The Fuse

The Death Of Qassem Soleimani: How Will Iran Respond?

by Gregory Brew | January 03, 2020

On January 2, a car carrying Qassem Soleimani, the commander of the elite Quds Force in the Islamic Revolutionary Guard Corps, exploded near the Baghdad Airport.

By the morning of January 3, the United States had officially claimed responsibility, with President Donald S. Trump taking to Twitter to note how Soleimani “has killed or badly wounded thousands of Americans.”

The significance of this event is difficult to overstate. Soleimani was an immensely powerful figure within the Iranian government.

The significance of this event is difficult to overstate. Soleimani was an immensely powerful figure within the Iranian government, a decorated military commander who personally directed much of Iran’s foreign policy, and a figure with close personal ties to Supreme Leader Ayatollah Ali Khamenei.

It is likely that Iran will respond to Soleimani’s death. Military action may form a part of the Iranian response. And oil will probably be involved, a possibility reflected by markets, where crude prices jumped as soon as news of Soleimani’s death broke.

Since the U.S. withdrawal from the nuclear deal in May 2018, tensions between Washington and its allies and Iran have escalated, with increasingly violent consequences for global oil.

In June 2019, Iranian forces began attacking tankers in the Persian Gulf, in response to the British detainment of a tanker carrying Iranian oil near Gibraltar.

And on September 14, Iranian allies carried out a massive attack on the Saudi oil stabilization facility at Abqaiq. The attack shut down 50 percent of Saudi oil production, and while the damage was swiftly repaired and oil markets little affected, the attack was enough to startle the Saudi leadership, which has attempted to de-escalate tensions with Iran since September.

While U.S. officials denounced these attacks and dispatched additional forces to bolster Saudi defenses, the response was rather limited.

In December, an Iranian-backed militia in Iraq launched an attack on a military base in Iraq that killed one American contractor. The U.S. in response launched an air strike against the militia’s base, killing 25. The strike triggered a powerful response, with militiamen storming the U.S. embassy in Iraq.

The strike against Soleimani may have been motivated by these events. While the Quds Force commander has been targeted in the past, U.S. authorities declined to take action, worrying that it would have damaging consequences, given Soleimani’s stature in the Iranian hierarchy.

But now the die is cast. The death of Soleimani by an apparent U.S. strike could potentially escalate tensions past the breaking point, with ramifications for the stability of the Middle East and the security of Persian Gulf oil.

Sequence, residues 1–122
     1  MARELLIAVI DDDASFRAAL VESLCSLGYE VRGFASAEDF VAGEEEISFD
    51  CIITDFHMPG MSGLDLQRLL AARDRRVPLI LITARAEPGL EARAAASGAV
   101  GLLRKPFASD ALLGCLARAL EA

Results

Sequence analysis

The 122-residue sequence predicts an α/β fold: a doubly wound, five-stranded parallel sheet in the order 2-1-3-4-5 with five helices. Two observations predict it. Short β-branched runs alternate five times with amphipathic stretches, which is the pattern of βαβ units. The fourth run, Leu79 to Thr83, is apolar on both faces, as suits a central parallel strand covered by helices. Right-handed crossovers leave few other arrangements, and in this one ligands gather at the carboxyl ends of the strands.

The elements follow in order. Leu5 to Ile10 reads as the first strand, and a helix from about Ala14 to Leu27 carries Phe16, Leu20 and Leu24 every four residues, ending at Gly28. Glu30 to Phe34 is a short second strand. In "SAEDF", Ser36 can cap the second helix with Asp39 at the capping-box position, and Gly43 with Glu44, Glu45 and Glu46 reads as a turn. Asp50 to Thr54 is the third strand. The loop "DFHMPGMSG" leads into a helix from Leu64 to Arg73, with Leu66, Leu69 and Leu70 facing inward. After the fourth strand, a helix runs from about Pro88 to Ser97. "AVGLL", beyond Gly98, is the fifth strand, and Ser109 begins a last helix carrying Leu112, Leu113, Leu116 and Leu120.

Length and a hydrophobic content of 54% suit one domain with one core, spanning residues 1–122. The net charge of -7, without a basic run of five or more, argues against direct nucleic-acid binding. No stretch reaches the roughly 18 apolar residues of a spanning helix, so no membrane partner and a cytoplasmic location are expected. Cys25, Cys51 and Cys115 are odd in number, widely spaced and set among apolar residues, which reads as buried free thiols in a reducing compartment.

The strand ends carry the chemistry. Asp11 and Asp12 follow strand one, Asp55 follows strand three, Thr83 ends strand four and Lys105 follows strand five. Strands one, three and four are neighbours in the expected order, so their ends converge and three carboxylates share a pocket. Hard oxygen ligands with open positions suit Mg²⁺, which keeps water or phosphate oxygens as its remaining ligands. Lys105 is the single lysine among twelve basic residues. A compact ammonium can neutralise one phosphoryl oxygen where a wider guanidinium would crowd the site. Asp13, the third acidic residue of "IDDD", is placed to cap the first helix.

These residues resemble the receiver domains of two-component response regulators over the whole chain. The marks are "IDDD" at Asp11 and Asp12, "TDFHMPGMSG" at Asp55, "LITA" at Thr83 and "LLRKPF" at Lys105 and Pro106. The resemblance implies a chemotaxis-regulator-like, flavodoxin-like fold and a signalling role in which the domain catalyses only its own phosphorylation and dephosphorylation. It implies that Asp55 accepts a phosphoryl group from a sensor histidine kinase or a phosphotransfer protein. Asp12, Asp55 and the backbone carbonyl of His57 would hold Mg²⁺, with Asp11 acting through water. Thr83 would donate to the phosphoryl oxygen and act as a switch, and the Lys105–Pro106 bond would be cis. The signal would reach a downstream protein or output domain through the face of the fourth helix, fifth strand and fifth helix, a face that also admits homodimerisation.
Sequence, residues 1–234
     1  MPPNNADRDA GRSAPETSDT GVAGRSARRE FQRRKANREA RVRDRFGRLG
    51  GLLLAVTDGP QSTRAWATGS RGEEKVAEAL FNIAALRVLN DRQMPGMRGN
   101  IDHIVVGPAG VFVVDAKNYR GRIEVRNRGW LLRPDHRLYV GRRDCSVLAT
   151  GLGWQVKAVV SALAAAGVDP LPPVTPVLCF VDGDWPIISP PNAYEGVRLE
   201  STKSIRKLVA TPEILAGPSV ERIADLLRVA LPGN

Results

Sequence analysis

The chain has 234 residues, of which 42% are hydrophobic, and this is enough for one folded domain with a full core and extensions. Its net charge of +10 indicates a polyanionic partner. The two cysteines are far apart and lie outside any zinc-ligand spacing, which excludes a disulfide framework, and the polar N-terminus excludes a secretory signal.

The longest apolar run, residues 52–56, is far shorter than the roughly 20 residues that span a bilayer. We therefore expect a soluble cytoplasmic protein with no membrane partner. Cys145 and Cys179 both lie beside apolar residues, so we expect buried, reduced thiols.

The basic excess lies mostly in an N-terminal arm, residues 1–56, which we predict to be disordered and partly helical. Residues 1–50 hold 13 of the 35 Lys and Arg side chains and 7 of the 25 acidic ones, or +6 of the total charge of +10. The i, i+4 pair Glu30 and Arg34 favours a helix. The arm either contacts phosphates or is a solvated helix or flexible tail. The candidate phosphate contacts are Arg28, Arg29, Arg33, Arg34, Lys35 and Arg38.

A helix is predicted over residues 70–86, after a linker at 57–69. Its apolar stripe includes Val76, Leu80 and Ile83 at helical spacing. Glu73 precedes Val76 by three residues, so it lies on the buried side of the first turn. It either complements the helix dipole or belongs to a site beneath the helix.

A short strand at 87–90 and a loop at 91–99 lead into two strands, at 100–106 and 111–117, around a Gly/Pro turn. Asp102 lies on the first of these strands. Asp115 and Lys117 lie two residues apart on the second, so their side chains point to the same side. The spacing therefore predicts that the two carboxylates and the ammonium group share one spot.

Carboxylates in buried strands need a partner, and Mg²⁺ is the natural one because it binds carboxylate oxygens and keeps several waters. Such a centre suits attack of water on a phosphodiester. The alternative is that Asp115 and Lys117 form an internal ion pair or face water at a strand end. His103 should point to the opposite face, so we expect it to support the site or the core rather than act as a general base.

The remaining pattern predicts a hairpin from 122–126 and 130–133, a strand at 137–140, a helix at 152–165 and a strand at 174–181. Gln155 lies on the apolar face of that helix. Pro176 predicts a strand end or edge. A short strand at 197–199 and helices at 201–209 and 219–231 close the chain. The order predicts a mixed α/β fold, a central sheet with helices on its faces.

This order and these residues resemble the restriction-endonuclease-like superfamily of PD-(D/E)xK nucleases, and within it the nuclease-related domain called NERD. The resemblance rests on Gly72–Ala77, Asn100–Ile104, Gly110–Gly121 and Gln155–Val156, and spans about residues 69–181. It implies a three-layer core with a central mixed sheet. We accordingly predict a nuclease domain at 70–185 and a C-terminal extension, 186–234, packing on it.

Iran’s leadership denounced the attack on Soleimani as an act of international terrorism and have promised “severe retaliation.” Analysts were quick to warn that the U.S. attack, which appears to have been carried out without consulting allies or notifying Congress, would have uncertain and dangerous consequences.

How will Iran respond? Recent events offer a few clues.

The death of Soleimani occurred in Iraq, a country where Iran has considerable influence. Should Iran seek revenge against the United States, it will likely act inside Iraq, potentially targeted U.S. forces or diplomats.

The United States has already issued a travel advisory warning all U.S. citizens to steer clear of Iraq. While the country’s oil fields continue to operate normally, U.S. citizens working at an ExxonMobil project have been asked to leave.

Further attacks on oil facilities in the Persian Gulf are a possibility.

Further attacks on oil facilities in the Persian Gulf are a possibility. Sen. Lindsay Graham of South Carolina, a close ally of President Trump, warned Iran on January 3 that additional strikes against Iranian oil facilities was a possibility in the wake of Soleimani’s death. Iran might pre-empt this threat by carrying out its own strikes, modeled after Abqaiq.

It’s already clear the GCC members like Saudi Arabia and the UAE have little stomach for an actual armed confrontation with Tehran—one in which they would bear the brunt of the costs. An Iranian escalation in the Gulf could push these U.S. allies to encourage reducing tensions.

Iran has frequently threatened to close the Strait of Hormuz. Even in the wake of such a provocation, it is unlikely to take such drastic action—not because of the harm it would do to the U.S. or world oil markets, but because China now imports more oil from the Persian Gulf than any other state, and thus far has been the only country willing to purchase large quantities of Iranian oil since U.S. sanctions on Iranian oil exports took effect in 2018.

Closing the Strait would damage Iran’s relationship with China—but other actions, such as attacking shipping or local oil facilities, could very well form part of the Iranian response.

This could be a watershed moment in the history of the Middle East, and alter the course of the simmering U.S.-Iranian conflict. It remains to be seen, however, just how significant the fallout from Soleimani’s death will be.